At the end of main, we call the join function of each thread. This just causes the computer to wait for both threads to finish before returning 0 (and exiting the program). Without doing this, likely neither of the threads would have time to finish running their assigned functions, causing the program’s output to look something like this:

Beginning background task 1...
Background task 1: i = 0
Background task 1: i = 1
Background task 1: i = 2
Background task 1: i = 3
Background task 1: i = 4
Background task 1: i = 5
Background task 1: i = 6
Background task 1: i = 7
Background task 1: i = 8
Background task 1: i = t9erminate called without an active exception

The opposite of joining a thread is detaching (using the detach function), which causes the thread to act independently, preventing the computer from waiting for it to finish. Although this behaves just like not calling join, always be sure to either call the join or detach function at some point. as not doing so can prevent important destructors from being called.

The Main Thread

The “main” thread in a program is the thread that runs the main function. Basically, when not multithreading, everything we do happens on the main thread.

Sleeping

A delay can be added in any thread (including the program’s main thread) by using the std::this_thread::sleep_for function (when using it, be sure to include <chrono>):

#include <iostream>
#include <thread>
#include <chrono>

int main() {
    std::cout << "Wainting 5 seconds...\n";
    std::this_thread::sleep_for(std::chrono::seconds(5));
    std::cout << "5 seconds have passed.\n";
    return 0;
}

If both std::cout messages appear at the same time for you, you may need to use std::endl instead of "\n". When using std::cout, any text you want to display is placed on a queue (a “buffer”) that’s automatically sent to your computer’s screen (“flushed”) at the end of the program. (For some computers, like mine, flushing automatically occurs more often than this, however.) std::endl not only adds a new line to program output, but also flushes these output buffers. Therefore, only using "\n" can sometimes cause all text to be displayed at once when the program finishes.

For me this wasn’t a problem, but you can try out the program below if it was:

#include <iostream>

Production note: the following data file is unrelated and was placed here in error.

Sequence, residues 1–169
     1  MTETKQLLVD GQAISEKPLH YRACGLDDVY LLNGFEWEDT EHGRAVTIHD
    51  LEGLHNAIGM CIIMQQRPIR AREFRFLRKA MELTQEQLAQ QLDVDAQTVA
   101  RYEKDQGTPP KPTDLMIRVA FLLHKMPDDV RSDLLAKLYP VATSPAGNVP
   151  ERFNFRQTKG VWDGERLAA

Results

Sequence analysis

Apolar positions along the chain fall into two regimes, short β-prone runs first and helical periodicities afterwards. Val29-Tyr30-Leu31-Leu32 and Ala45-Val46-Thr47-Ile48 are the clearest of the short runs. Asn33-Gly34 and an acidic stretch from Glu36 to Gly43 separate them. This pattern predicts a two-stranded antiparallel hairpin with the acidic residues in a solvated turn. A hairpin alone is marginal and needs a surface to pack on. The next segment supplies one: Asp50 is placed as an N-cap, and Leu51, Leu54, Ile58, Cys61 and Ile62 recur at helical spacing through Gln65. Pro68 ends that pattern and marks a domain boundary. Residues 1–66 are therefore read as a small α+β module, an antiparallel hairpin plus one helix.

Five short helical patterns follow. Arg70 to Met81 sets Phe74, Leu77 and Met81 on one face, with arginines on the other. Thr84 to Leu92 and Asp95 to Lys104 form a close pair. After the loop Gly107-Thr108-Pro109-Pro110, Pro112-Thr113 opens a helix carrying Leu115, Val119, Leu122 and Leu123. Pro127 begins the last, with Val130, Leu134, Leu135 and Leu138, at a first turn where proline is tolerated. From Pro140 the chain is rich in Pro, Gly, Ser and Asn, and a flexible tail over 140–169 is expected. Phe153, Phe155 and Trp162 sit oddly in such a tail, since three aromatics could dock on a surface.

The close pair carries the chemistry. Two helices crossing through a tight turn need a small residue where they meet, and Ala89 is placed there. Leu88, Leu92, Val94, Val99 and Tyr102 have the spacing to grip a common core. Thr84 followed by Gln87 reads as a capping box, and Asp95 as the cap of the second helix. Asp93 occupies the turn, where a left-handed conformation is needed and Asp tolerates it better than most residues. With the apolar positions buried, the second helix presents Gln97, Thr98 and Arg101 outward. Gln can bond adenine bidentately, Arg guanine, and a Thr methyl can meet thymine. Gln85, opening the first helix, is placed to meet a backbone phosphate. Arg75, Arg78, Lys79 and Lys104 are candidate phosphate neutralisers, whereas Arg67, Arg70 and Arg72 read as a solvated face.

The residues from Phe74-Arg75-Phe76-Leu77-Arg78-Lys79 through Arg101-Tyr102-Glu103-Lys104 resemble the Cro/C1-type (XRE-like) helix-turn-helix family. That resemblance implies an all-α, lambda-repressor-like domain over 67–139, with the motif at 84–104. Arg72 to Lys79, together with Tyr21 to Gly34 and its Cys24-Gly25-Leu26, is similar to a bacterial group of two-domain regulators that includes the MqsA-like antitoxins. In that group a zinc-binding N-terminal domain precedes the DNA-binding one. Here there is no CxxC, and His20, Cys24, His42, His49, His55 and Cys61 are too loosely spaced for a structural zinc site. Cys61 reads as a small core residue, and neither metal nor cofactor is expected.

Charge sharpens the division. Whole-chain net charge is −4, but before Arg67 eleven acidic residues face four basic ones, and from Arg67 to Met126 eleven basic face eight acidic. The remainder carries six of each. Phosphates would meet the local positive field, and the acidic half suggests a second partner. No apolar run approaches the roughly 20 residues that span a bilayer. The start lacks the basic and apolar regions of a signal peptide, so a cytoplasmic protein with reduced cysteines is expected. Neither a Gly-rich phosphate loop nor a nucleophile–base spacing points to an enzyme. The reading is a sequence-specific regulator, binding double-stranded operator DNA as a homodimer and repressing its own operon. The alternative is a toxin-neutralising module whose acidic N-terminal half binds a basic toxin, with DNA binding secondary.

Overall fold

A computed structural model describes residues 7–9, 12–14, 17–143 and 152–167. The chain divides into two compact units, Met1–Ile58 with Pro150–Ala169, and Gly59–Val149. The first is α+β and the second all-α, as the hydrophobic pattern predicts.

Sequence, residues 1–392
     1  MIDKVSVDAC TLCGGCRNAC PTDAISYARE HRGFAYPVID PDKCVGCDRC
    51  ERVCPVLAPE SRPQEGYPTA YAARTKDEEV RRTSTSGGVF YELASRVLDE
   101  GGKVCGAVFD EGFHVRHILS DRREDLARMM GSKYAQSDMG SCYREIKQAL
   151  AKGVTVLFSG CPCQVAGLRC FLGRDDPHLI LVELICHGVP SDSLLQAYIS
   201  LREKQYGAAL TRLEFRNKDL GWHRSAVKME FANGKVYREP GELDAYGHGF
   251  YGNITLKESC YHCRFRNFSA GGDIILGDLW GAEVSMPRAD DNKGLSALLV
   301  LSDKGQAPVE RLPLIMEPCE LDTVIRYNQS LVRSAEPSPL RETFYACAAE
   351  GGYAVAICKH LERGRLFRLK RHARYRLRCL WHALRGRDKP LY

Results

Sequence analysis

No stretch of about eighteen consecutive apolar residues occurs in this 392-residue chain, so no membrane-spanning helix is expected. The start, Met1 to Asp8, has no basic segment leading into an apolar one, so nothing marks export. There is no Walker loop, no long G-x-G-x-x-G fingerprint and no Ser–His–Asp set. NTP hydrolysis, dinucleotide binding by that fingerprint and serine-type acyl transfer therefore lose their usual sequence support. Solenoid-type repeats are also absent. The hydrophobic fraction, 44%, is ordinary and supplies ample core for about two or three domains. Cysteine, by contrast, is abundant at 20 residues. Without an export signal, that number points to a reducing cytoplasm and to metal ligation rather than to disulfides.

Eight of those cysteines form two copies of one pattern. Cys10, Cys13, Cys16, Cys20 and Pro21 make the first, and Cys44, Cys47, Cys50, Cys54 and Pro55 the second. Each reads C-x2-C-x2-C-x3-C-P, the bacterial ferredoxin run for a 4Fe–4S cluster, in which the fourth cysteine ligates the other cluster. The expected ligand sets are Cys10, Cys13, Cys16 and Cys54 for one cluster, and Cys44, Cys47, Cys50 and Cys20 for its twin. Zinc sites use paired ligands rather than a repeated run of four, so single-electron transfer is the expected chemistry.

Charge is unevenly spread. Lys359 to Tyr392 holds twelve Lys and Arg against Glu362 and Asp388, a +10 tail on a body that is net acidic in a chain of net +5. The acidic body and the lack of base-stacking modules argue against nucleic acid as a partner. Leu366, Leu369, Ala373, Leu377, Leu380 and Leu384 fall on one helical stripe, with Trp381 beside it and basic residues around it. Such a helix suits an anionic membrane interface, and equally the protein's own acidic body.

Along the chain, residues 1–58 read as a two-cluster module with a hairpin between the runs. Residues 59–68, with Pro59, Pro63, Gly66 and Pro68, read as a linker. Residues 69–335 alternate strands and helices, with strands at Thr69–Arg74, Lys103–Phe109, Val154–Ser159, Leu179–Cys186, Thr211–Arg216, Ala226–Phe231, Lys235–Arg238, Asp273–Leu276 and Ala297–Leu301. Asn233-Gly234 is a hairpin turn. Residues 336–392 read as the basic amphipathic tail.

#include <thread>
#include <chrono>

int main() {
    std::cout << "Wainting 5 seconds..." << std::endl;
    std::this_thread::sleep_for(std::chrono::seconds(5));
    std::cout << "5 seconds have passed." << std::endl;
    return 0;
}
Time Units

The supported units for the sleep_for function are nanoseconds, microseconds, milliseconds, seconds, minutes, and hours, that can all be used just like std::chrono::seconds.

Also, by using namespace std::chrono_literals;, we can use standard abbreviations for these units (ns, us, ms, s, min, and h respectively):

#include <iostream>
#include <thread>
#include <chrono>

int main() {
    using namespace std::chrono_literals;

    std::cout << "Wainting 5 seconds...\n";
    std::this_thread::sleep_for(5s);
    std::cout << "5 seconds have passed.\n";
    
    return 0;
}

Each of these abbreviated units is actually just an overloaded operator that returns an std::chrono::duration type:

  • The “ns” (for nanoseconds) overloads operator""ns.
  • The “us” (for microseconds) overloads operator""us.
  • And so on…

Challenge Problem

Create a thread that finds (and prints) the sum of every number from 0 to 1,000,000,000 using a for/while loop. Hint: An int may not be big enough to hold this sum.

While the sum is being calculated, print “Calculating…” every 100 milliseconds, and print “Done!” when the program finishes. Do this on the program’s main thread.

Bonus: Instead of “Calculating…”, display the calculation’s progress as a percentage every 100 milliseconds.

If you get stuck, check out my solution here.